In finding aspects of both deontological and teleological ethics alluring but wanting, and in foregrounding instead the intrinsic qualities of the self or moral agent, the Romantics participated in what has come by many to be considered the third major school of normative ethical thought--termed "virtue ethics." Hardly a new concept, virtue ethics has roots in Plato and especially Aristotle in Nicomachean Ethics. Though Benthamite utilitarianism and Kantian formalism were dominant in the later eighteenth century, virtue ethics was implicit in the late seventeenth and earlier eighteenth centuries in the moral sense and sympathy theories of the Earl of Shaftesbury, Francis Hutcheson, David Hume, and Adam Smith. Virtue ethics in modern times is discussed, with varying degrees of commitment and dissociation, by Elizabeth Anscombe, Philippa Foot, Alasdair Maclntyre, Iris Murdoch, Christine Swanton, and Bernard Williams, among many others. (7) But Martha Nussbaum challenges the very idea that virtue ethics is a distinct third category since both deontologists and teleologists argue the importance of the virtues, Kant himself writing an entire treatise on the subject, The Doctrine of Virtue, Part II of The Metaphysics of Morals (1797), that has only recently been given fuller attention. (8)

My intent here is not to resolve the complex and fairly heated issue as to whether virtue ethics is a viable category in itself, let alone describe in shorthand the intricacies of the field as a whole, but only to suggest that, right or wrong, the discourse of Romantic ethics strikingly anticipates modern formulations broadly considered. Intellectual anticipations are in themselves of little import unless, as is the case here, issues that arise in later formulations have a retroactive explanatory force--as will be my principal contention with respect to the Romantics' representations of human action. My discussion has as its ironic backdrop Irving Babbitt's early insistence that "there is no such thing as romantic morality," (9) to which I shall return later.

Virtue ethicists tend to agree on one simple proposition, and on little else: that the chief concern of moral judgment is not so much acts and consequences, or universalizable rules of duty, whether teleological or deontological, as it is the particular virtues or vices that make up the character of the moral agent. Such ethicists frequently note that we face the existential crunch of decision-making from time to time only, but how we lead our daily lives and what kind of human beings we become are questions always with us. Our virtues are deep-seated predispositions that manifest themselves everyday over a lifetime, in need early on of being "educed," led out from latency into full bloom. (10) One simple reduction within virtue ethics is that being more than doing is where moral truth resides.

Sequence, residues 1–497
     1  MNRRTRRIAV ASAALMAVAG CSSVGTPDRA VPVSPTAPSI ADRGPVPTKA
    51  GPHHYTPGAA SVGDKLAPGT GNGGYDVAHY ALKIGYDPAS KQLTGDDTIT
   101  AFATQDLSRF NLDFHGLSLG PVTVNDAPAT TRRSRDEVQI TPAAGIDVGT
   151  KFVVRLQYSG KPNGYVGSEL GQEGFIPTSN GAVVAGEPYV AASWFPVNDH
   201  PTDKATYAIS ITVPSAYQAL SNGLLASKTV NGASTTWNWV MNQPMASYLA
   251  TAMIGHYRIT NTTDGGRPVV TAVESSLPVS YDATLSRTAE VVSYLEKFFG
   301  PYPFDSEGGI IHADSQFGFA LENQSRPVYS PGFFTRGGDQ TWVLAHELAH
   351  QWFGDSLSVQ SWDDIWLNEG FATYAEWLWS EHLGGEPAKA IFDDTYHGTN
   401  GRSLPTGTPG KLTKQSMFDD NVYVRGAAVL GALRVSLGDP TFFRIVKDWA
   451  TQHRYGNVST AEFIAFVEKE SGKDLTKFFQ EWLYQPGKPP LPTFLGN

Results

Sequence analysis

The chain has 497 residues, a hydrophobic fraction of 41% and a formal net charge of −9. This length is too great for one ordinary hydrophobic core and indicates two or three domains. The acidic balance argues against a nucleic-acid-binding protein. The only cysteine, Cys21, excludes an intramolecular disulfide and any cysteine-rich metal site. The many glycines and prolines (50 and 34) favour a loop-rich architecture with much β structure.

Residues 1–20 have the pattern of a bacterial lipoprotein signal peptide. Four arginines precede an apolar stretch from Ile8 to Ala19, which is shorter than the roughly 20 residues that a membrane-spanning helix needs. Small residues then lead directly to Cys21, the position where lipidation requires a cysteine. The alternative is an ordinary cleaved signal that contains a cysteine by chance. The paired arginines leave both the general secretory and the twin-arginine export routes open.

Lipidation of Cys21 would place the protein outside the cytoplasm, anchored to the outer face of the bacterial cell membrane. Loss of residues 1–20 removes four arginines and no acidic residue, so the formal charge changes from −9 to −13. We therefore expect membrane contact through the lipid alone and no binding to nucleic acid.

An oft-registered complaint with virtue ethics is that, unlike deontology and teleology, it does not mandate one or another action; it does not tell us what to do. Instead, it assumes that if the character of the human agent is virtuous, acts and consequences will more or less take care of themselves--with, yes, a little bit of luck. In modern formulations, virtue ethics has emphasized the value of virtue itself (arete, or personal excellence in a constellation of virtues, however designated), practical wisdom (phronesis), and self-flourishing (eudaimonia, the happiness that ideally attends the virtuous life).

There is no inevitability or built-in sufficiency about these three. Virtue ethicists disagree on what is fundamental and, with respect to the first category, whether any comprehensive or hierarchical listing of the virtues can ever be made. Plato lists four, Aristotle, twelve, Aquinas four cardinal virtues and three theological, while a recent eight-hundred page guide to the virtues lists six major virtues, each of which has many subvirtues, as it were. Following Nel Noddings, feminist virtue ethicists argue that "compassion" or "caring" should be foremost and is most inclusive. (11)

Though they ruminated on all three in their fashion, the Romantics in their concept of virtue or arete centered implicitly on "self-realization," an ill-fated term that Coleridge himself apparently coined, as well as "self-actualization," in a notebook entry around 1815, an abstruse response to Fichte's The Science of Ethics (1798). Kathleen Coburn explains that Coleridge is not translating Fichte but is "trying to cut through the meandering of Fichte's argument to extract its main lines in terms that have meaning to him." Coleridge writes, "However, we yet do distinguish our Self from the Object, tho' not in the primary Intuition--Visio visa--now this is impossible without an act of abstraction--we abstract from our own product--the Spirit snatches it(self) loose from its own self-immersion, and self-actualizing distinguishes itself from its Self-realization--But this is absolutely impossible otherwise...

To continue reading